Trump’s Deputy Attorney General Says There Is No Good Cause to Fire Robert Mueller

Many conservatives want the special counsel removed.

ZUMA

For indispensable reporting on the coronavirus crisis, the election, and more, subscribe to the Mother Jones Daily newsletter.

Deputy Attorney General Rod Rosenstein told lawmakers on Wednesday that he has not identified any reason to fire Special Counsel Robert Mueller, despite growing calls from supporters of President Donald Trump to do so. Rosenstein added that if Trump ordered him to fire Mueller, who is leading the investigation into Russian meddling in the 2016 election, he would refuse to comply unless there was “good cause” to justify Mueller’s removal.

“As I’ve explained previously, I would follow the regulation: If there was good cause, I would act,” Rosenstein told the House Judiciary Committee. “If there were no good cause, I would not.”

“And you’ve seen no good cause so far?” Rep. Jerrold Nadler (D-N.Y.) asked.

“Correct,” Rosenstein replied.

Rosenstein, who was appointed by Trump in February, became the top Department of Justice official overseeing the FBI’s Russia probe after Attorney General Jeff Sessions was forced to recuse himself from the matter. After Trump, with the backing of Rosenstein and Sessions, fired FBI Director James Comey in May, Rosenstein appointed Mueller to lead the investigation.

Rosenstein’s testimony Wednesday comes at a time when some conservatives have escalated their calls to dismiss Mueller, whose investigation in recent weeks has led to guilty pleas from two Trump campaign associates and the indictment of two others. Mueller’s critics have argued that investigators assigned to the Russia probe are biased against Trump and have raised concerns about FBI officials’ connections to Fusion GPS, the research firm behind the so-called Steele dossier.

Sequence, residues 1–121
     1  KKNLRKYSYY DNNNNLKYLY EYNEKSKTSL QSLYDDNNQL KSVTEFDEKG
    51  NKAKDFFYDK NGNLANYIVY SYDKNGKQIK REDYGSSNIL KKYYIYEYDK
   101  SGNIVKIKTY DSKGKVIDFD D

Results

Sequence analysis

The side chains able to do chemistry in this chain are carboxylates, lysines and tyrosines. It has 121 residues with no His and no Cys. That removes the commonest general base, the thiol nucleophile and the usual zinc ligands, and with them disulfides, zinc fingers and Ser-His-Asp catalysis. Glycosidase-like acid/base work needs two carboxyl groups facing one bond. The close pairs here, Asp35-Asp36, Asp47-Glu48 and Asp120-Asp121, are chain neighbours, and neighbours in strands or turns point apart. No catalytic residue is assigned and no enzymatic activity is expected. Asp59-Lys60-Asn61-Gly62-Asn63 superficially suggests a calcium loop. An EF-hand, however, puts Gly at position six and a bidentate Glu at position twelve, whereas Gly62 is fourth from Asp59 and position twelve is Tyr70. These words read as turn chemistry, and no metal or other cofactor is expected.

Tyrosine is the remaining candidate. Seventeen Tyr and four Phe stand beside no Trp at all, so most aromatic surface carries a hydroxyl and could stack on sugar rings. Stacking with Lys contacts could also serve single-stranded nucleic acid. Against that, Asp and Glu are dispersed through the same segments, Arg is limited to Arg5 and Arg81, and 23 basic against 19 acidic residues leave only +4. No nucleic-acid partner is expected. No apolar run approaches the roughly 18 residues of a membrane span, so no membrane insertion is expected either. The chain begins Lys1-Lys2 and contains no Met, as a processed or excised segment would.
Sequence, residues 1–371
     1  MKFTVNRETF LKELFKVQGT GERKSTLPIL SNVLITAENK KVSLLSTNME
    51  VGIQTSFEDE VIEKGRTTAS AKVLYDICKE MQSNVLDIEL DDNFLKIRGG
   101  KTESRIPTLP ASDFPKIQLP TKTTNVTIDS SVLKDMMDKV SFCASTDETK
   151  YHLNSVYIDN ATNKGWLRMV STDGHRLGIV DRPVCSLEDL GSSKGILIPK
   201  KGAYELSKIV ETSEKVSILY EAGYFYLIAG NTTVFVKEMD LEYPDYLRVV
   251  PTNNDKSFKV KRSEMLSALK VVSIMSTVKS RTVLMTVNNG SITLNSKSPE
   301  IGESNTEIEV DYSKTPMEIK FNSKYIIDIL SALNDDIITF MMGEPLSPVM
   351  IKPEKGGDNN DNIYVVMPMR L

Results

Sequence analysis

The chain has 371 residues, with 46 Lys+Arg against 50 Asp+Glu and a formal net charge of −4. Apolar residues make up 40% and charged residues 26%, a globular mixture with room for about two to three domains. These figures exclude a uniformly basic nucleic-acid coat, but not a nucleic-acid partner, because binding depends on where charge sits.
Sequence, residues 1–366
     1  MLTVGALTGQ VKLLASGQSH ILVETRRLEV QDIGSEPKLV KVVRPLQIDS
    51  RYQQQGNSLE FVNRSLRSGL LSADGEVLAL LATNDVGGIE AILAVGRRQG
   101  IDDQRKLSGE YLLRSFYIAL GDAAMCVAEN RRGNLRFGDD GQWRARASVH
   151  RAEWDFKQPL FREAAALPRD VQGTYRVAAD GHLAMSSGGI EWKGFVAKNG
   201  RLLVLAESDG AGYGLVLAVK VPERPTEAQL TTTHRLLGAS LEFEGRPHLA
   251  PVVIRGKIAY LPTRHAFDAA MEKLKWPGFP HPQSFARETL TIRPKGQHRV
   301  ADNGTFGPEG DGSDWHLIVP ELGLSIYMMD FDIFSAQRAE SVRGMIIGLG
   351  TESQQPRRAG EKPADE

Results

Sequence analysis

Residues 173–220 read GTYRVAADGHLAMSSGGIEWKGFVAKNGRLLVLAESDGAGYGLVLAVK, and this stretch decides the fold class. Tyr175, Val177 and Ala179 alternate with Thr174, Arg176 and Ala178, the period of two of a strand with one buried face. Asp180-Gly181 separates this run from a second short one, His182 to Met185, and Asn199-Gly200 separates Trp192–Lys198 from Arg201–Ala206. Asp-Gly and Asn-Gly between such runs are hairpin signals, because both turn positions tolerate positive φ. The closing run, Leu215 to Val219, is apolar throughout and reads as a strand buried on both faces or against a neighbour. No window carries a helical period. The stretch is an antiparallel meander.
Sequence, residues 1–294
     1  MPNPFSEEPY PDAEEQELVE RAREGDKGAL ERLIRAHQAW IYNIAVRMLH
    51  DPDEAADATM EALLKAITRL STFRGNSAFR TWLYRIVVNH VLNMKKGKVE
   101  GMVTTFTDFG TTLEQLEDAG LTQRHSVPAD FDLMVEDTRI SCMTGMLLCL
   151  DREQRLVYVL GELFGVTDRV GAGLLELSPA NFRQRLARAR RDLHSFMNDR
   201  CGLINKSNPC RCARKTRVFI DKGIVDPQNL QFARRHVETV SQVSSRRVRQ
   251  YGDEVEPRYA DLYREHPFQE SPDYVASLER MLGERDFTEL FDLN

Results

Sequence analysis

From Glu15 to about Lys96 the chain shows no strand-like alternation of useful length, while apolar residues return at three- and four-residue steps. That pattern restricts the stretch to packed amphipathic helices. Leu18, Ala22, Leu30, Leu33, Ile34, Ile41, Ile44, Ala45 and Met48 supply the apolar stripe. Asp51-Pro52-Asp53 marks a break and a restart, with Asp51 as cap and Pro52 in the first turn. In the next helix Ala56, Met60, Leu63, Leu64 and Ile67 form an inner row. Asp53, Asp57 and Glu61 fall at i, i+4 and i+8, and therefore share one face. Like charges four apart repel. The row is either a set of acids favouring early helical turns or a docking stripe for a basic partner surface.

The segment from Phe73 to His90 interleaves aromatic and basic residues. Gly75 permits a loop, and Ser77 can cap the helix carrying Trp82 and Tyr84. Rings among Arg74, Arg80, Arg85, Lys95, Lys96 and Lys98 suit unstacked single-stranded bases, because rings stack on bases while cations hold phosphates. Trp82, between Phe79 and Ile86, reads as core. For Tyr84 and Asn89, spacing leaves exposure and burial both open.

On Wednesday, Rosenstein also dismissed concerns that Mueller may be inappropriately expanding his investigation into matters unrelated to Russian interference.

“There are a lot of media stories speculating what the special counsel may or may not be doing,” Rosenstein told lawmakers. “I know what he’s doing. I am appropriately exercising my oversight responsibilities. So I can assure you that the special counsel is conducting himself consistently.”

FACT:

Mother Jones was founded as a nonprofit in 1976 because we knew corporations and the wealthy wouldn't fund the type of hard-hitting journalism we set out to do.

Today, reader support makes up about two-thirds of our budget, allows us to dig deep on stories that matter, and lets us keep our reporting free for everyone. If you value what you get from Mother Jones, please join us with a tax-deductible donation today so we can keep on doing the type of journalism 2020 demands.

FACT:

Mother Jones was founded as a nonprofit in 1976 because we knew corporations and the wealthy wouldn't fund the type of hard-hitting journalism we set out to do.

Today, reader support makes up about two-thirds of our budget, allows us to dig deep on stories that matter, and lets us keep our reporting free for everyone. If you value what you get from Mother Jones, please join us with a tax-deductible donation today so we can keep on doing the type of journalism 2020 demands.

We Recommend

Latest

Sign up for our free newsletter

Subscribe to the Mother Jones Daily to have our top stories delivered directly to your inbox.

Get our award-winning magazine

Save big on a full year of investigations, ideas, and insights.

Subscribe

Support our journalism

Help Mother Jones' reporters dig deep with a tax-deductible donation.

Donate